All eyes on North Korea as national Congress opens behind closed doors

Pictures of former North Korean leaders decorate the venue where the Congress is due to take place Credit: Reuters/Damir Sagolj

We were told to be at our buses by 8am, the Congress was starting at 9am.

After 45 mins of milling around, nobody seemingly sure of the plan, we all finally got seated into our allocated buses and in a convoy of at least 15 vans and buses. The assembled international media pack taken on a drive around the city which eventually resulted in us parking and walking down to where the Congress was taking place.

None of us would be getting in as had been rumoured by some earlier, instead we were to film from a few hundred metres away across an intersection.

I tried to find out what was happening, was Kim Jong Un going to address the opening of the Congress? What was on the agenda for the first day? How long would it last? All of those were met with the same response from Ministry of Information officials "We don't know."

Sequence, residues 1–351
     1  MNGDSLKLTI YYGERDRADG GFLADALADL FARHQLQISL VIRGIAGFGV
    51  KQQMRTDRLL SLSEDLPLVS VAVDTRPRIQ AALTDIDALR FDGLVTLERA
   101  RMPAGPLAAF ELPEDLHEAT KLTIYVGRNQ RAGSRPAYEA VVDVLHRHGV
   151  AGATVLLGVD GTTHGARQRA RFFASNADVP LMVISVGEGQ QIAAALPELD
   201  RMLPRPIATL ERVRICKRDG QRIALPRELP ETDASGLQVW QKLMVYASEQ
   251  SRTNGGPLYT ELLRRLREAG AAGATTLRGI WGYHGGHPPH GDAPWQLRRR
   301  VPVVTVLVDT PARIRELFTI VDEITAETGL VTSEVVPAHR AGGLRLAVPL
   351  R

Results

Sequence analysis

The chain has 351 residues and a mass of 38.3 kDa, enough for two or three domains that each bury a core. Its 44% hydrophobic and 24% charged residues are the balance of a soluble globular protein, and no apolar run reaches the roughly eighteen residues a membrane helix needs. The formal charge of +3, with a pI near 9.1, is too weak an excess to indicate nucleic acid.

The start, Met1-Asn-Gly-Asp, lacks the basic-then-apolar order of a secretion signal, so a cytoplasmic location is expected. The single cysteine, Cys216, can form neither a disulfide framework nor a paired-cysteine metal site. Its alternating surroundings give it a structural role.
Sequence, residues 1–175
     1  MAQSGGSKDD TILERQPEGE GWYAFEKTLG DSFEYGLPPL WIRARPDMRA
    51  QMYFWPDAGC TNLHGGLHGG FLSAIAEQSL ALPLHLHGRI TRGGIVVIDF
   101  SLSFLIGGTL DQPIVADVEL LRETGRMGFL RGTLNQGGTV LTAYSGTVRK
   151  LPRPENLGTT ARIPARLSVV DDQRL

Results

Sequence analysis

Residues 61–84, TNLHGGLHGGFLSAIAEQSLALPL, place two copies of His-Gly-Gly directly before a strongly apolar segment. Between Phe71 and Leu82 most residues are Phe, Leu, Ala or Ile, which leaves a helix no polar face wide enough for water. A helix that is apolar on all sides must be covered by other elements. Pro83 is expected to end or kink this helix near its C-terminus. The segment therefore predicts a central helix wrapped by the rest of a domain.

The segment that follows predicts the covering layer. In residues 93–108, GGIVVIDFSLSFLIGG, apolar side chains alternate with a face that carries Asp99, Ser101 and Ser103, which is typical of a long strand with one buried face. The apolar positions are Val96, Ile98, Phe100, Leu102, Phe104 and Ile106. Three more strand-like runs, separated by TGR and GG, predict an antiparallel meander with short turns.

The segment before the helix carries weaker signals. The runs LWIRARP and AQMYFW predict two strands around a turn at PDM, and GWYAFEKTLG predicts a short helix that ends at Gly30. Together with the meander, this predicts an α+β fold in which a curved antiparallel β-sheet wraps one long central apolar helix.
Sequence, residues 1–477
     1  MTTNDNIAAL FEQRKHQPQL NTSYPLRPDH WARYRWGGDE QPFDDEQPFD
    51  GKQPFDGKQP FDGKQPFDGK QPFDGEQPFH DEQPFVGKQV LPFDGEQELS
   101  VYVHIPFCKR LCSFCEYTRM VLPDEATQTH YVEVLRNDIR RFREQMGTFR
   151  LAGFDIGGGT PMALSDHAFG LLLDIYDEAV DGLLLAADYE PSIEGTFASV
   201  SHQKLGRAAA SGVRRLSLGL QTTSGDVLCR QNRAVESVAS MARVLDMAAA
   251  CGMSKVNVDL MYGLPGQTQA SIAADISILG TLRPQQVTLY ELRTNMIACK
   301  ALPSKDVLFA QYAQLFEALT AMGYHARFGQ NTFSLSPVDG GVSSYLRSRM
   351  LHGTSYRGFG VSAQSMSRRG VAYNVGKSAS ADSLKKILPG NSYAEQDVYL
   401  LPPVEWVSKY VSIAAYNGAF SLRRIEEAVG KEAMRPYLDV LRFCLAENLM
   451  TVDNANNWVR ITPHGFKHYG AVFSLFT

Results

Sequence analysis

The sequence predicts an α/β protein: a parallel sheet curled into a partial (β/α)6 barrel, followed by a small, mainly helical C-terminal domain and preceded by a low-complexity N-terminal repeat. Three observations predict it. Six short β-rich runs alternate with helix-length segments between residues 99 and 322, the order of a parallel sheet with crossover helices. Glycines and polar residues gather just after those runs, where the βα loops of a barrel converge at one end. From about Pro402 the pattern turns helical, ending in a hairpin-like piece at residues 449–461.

I was told all would be revealed on this evening's 8pm Korean State Television News broadcast.

An army truck filled with soldiers passes the Congress venue Credit: ITV News

So, not quite the fanfare we had anticipated, no sign of the mass parades and celebrations we've seen being rehearsed. Those, we are told may be happen another day. Which day? "We don't know."

While filming the exteriors of the Congress Hall, the 4.25 Building, built to commemorate the founding of the Korean Army, we do get a chance to speak to some people on the street about the great gathering.

Grandfather Kim Song Ho tells us that he knows Kim Jong Un is creating a society in which his grandson Kim Se Jong, aged two, will flourish.

Doctor Kim Ok Ju tells us she trusts Kim Jong Un explicitly. I ask her what she thinks of his nuclear weapons programme and she says he will defend the country against its international enemies.

One young student who effuses about the power of Kim Jong Un says that the Congress is an opportunity to show off their leaders greatness to the world. "A slap in the face of America," he says.

There may not be the sense of occasion in Pyongyang that we were led to believe the Congress would generate, well not so far anyway, but in the people, ever present is an undivided loyalty to their leader.